Family Camping - Learn to Leave No Trace

By Marlin Stum

Memorial Day weekend traditionally marks the beginning of the summer outdoor recreation season when people pack up their camping gear and get away from it all. But for the indigenous plants and wildlife of the countryside, there is no escape from litter and campfires, the noise and pollution of gasoline powered vehicles, and the trampling of fragile soils and plants by millions of human feet.

Unfortunately, the answer to how we can minimize our camping impacts on the earth sometimes comes in the form of forced land-use restrictions. Well-meaning stewards of recreational lands, like the U.S. Forest Service, would have a much easier job if they could effectively change not just the numbers of campers using a particular area, but the very attitudes of those users.

A good college friend, working on his outdoor recreation degree, once reminded me of the root meaning of our word for outdoor fun: "Recreation." Impacts would be sharply minimized if we could keep in mind the premise of leaving an area as we find it in order to help "re-create" a quality experience for the next person to come along.

Here are a few simple ideas to help you lessen your impact.

First, always follow the guidelines set forth by the appropriate land managers for the area you are visiting. Useful tips are available from federal officials, state parks rangers and public safety officers. Their rules governing group size, fires, mechanized vehicles, etc. are designed to protect the land and insure a quality experience for all.

Many of us dream of walking into an untrammeled meadow and pitching our tent where no one has been before. In reality, using an existing site for your tent or trailer is kinder to the soil and vegetation. When pitching a tent, pick a level, well-drained spot and use a waterproof ground cover to stay dry without the need to dig a drainage ditch. Make sure the ground cover is just slightly smaller than the tent and that the tent completely covers it or it will catch all the water running off the tent and funnel it directly under the tent.

Water sources are particularly hard hit by adverse human use. Be careful to pick a campsite at least 100 feet away from natural water sources, and construct your fires and cat-holes at least that far away.

Always dig a cat-hole when there are no established latrines in the area. Gently remove the surface duff and soil, then dig a hole about six inches into the dirt; put your human wastes and toilet paper in the hole, and if soil conditions are moist, burn your paper until the flame is out. Then replace the soil and surface duff.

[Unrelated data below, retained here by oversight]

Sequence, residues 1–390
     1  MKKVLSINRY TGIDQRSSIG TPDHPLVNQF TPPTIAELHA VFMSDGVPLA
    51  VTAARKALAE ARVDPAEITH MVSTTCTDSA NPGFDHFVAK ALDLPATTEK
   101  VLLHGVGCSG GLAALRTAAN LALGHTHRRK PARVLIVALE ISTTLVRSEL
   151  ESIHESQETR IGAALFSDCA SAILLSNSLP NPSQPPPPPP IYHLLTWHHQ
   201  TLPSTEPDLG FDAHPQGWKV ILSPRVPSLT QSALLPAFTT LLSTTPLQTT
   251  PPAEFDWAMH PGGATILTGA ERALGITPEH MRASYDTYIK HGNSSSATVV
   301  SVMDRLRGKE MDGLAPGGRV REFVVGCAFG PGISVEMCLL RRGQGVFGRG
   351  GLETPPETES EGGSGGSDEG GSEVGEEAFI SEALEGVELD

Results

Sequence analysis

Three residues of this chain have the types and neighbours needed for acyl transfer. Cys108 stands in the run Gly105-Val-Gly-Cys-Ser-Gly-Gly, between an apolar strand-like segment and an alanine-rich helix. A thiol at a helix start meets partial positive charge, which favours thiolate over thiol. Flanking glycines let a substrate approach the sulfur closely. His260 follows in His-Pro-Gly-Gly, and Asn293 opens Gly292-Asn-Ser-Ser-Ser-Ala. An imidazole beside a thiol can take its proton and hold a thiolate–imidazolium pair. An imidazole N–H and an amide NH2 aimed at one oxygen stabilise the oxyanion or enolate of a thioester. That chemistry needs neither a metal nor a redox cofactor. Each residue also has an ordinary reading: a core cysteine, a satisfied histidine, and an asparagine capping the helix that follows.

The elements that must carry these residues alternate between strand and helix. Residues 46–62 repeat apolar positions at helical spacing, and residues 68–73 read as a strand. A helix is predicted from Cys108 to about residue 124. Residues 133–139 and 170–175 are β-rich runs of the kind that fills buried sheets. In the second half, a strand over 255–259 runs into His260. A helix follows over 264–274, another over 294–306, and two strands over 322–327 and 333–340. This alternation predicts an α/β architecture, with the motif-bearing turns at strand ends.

Most people these days are environmentally aware enough to carry out their cans and bottles, but other seemingly harmless trash like orange peels, cigarette filters and fish entrails, also should be removed to an appropriate garbage disposal. Burying your trash is not good enough; it won't stay buried long and often it can be harmful to small animals. It's a satisfying feeling to organize an impromptu cleanup of your campground. All that is needed are a couple garbage bags, and this is a good activity for teaching children the value of keeping a clean camp.

People often camp out to enjoy the peace and quiet of the woods, streams and fields, so try to keep your rowdiness to a minimum. Racing around on any sort of motorized vehicle when others are camped nearby is unacceptable behavior.

Taking time to learn something of the plant and animal life in a particular area offers its own rewards. One way to better atune yourself to the natural world is to forgo building a fire for a night. While all of us love the warmth, light and companionship offered by a fire circle, the scorched surfaces and ashes that are left behind are unsightly and a further source of human pollution. Seeing a spectacular shooting star or hearing an owl in the woods behind your camp are unexpected pleasures almost surely missed by people laughing around a campfire.

REI carries many items to help you minimize your impact on the land, from small trowels to groundcloths to light footwear. Ask an REI salesperson for the free brochure, "Minimum-Impact Camping," and make the new wilderness ethic part of your outdoor ration routine.